I was talking to someone the other day about confidence. They said they were happily able to get along doing what they do for a while, and then suddenly they would notice doubts creeping in. Self-doubt. A gremlin in the works attacking their self-belief. The moment they lost their self-belief and started wondering if they really could do that difficult jump and remembering a time before when they fell on it, a GIANT wobble started and sure enough they fell again.

The thing is, I told them, self-belief is a little bit like a tight-rope. You climb the ladder, step onto the platform, test the rope and start to walk across. At first you are a little careful, then you feel more sure of yourself and you’re moving across that tight rope like a pro.

The moment you start to wonder if you can really make it to the end, the doubts set in. Your body will tense up. You slow up, take things much more carefully, and as a result – instead of believing you can continue the journey across in exactly the same way as you started out – the pause becomes a wobble and …. Over you go.

Once you’ve ‘tested’ that rope and started to put one foot in front of the other, and seen that you can successfully walk on it, that should be enough to get you to the other side. But if you start to wonder, midway if you really can do it, that wobble alone is enough to make you fall.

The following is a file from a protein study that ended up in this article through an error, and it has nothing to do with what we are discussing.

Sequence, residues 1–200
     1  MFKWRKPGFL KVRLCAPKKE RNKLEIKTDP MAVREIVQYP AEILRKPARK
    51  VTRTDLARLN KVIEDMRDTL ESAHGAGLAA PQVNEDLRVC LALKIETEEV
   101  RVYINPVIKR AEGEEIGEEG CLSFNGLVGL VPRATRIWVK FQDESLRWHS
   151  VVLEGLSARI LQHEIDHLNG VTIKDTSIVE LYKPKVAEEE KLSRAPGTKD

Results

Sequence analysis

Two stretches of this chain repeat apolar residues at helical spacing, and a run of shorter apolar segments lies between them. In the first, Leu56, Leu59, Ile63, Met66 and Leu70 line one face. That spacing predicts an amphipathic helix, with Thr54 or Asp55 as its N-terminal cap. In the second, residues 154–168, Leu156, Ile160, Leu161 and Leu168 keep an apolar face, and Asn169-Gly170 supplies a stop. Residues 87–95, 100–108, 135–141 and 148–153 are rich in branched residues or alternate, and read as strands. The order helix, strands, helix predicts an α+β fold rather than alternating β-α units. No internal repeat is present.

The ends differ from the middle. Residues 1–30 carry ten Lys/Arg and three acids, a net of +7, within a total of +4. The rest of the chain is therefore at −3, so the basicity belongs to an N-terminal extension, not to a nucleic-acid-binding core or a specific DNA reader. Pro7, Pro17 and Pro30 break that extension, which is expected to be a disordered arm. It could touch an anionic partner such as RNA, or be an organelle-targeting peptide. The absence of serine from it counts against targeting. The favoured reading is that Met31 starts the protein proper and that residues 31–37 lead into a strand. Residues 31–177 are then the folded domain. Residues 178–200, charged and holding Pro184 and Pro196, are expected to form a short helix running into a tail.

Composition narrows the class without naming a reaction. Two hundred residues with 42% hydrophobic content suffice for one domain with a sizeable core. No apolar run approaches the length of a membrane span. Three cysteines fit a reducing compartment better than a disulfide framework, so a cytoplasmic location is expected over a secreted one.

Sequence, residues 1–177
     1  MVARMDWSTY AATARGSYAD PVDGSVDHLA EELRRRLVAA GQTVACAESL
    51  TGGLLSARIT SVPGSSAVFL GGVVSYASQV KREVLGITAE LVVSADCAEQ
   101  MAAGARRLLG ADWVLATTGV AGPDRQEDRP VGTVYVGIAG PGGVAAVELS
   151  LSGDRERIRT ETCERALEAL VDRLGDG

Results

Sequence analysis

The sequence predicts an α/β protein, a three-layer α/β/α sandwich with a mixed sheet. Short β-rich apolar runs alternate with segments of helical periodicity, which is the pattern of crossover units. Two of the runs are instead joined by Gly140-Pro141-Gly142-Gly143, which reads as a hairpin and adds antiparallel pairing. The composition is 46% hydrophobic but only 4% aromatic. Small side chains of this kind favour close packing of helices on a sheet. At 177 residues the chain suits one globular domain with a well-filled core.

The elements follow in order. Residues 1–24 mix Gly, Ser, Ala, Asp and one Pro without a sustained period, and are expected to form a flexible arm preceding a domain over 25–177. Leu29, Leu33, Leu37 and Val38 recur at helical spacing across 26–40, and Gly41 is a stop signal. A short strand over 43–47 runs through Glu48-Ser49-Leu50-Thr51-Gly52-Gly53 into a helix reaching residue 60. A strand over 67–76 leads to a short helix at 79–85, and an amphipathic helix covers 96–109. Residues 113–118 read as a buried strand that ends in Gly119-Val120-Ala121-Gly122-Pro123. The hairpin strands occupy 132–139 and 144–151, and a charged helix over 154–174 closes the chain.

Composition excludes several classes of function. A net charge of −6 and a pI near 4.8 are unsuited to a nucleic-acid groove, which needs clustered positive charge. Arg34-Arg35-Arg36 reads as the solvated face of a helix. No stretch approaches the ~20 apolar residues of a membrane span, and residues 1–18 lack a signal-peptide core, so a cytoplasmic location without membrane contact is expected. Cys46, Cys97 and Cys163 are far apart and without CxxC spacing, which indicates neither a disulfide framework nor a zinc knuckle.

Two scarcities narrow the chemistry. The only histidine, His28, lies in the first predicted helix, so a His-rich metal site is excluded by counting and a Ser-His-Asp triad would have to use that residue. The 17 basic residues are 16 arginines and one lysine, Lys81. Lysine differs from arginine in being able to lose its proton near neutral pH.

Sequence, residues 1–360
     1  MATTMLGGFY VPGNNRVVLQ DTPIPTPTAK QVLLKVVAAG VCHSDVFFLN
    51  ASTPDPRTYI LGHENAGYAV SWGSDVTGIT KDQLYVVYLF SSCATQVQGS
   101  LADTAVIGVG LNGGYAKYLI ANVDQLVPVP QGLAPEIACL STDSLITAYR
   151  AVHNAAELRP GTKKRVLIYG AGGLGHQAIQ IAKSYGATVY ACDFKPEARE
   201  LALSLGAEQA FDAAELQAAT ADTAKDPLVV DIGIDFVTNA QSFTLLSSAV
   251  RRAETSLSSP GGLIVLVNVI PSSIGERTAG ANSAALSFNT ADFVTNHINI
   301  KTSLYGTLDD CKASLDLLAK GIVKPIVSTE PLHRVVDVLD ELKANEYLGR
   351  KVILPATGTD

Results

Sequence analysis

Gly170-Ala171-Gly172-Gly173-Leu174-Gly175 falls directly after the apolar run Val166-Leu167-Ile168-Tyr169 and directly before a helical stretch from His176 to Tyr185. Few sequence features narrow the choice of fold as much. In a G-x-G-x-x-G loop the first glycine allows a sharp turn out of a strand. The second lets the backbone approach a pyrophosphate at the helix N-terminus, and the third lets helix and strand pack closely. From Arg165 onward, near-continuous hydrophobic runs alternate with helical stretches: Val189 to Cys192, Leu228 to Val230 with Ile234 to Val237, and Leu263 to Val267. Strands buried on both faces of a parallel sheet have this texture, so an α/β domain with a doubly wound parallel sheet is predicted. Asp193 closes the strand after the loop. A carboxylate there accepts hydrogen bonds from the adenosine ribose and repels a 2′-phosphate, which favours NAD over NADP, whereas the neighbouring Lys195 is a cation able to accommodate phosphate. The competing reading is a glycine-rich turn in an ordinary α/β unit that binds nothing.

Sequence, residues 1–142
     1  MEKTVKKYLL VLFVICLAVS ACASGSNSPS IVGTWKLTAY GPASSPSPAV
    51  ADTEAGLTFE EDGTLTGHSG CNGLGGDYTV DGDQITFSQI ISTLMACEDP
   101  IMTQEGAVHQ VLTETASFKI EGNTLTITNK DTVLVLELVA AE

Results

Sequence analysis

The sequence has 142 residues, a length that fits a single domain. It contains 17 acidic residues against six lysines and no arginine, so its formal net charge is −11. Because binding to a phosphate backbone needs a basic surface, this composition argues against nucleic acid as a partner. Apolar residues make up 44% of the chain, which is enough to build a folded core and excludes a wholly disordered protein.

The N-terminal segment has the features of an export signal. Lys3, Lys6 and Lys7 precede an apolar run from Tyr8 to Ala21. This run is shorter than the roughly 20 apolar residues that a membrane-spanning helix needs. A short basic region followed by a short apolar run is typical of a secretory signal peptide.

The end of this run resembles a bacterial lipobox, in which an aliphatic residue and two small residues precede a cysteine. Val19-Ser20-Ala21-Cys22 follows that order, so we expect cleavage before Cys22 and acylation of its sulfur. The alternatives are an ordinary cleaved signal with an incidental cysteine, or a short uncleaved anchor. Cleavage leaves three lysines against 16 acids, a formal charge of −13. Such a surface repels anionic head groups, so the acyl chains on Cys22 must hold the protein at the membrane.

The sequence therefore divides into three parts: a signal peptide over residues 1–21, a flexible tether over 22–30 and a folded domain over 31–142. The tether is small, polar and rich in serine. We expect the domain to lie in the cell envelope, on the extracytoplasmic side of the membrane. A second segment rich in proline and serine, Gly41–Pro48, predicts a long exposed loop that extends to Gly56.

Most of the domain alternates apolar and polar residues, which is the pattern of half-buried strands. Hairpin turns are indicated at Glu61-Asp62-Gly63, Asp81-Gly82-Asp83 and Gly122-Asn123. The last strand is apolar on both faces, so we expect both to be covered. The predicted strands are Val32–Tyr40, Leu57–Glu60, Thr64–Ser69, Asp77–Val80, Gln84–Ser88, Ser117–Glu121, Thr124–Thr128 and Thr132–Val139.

When you are learning something for the first time, it’s unlikely to be perfect straight away. But with much practice it gets better and better and you start to believe you can do it. So why does it disappear again when the pressure is on?

First of all, feeling under pressure comes from your head. It could be overthinking, or worrying about people’s expectations of you at a competition, or maybe a fear of falling and hurting yourself. When the pressure is on, a toxic cocktail of stress chemicals start to swirl around your body – so in addition to the gremlins causing havoc in your head, your body now begins to misbehave as a result of those chemicals. You get stiff, tense up, pull out too soon, or just pop the jump at the last minute and bam! You end up falling – and possibly hurting yourself too which is just what you were afraid of doing in the first place.

What’s the connection here? It’s that wobble.  When you go for something 100% – whether the tight rope or the jump – there’s a better chance of achieving it. It’s when you let the self-doubting gremlins in, worry about whether you can do it, and stop yourself half way through that the results are not so good.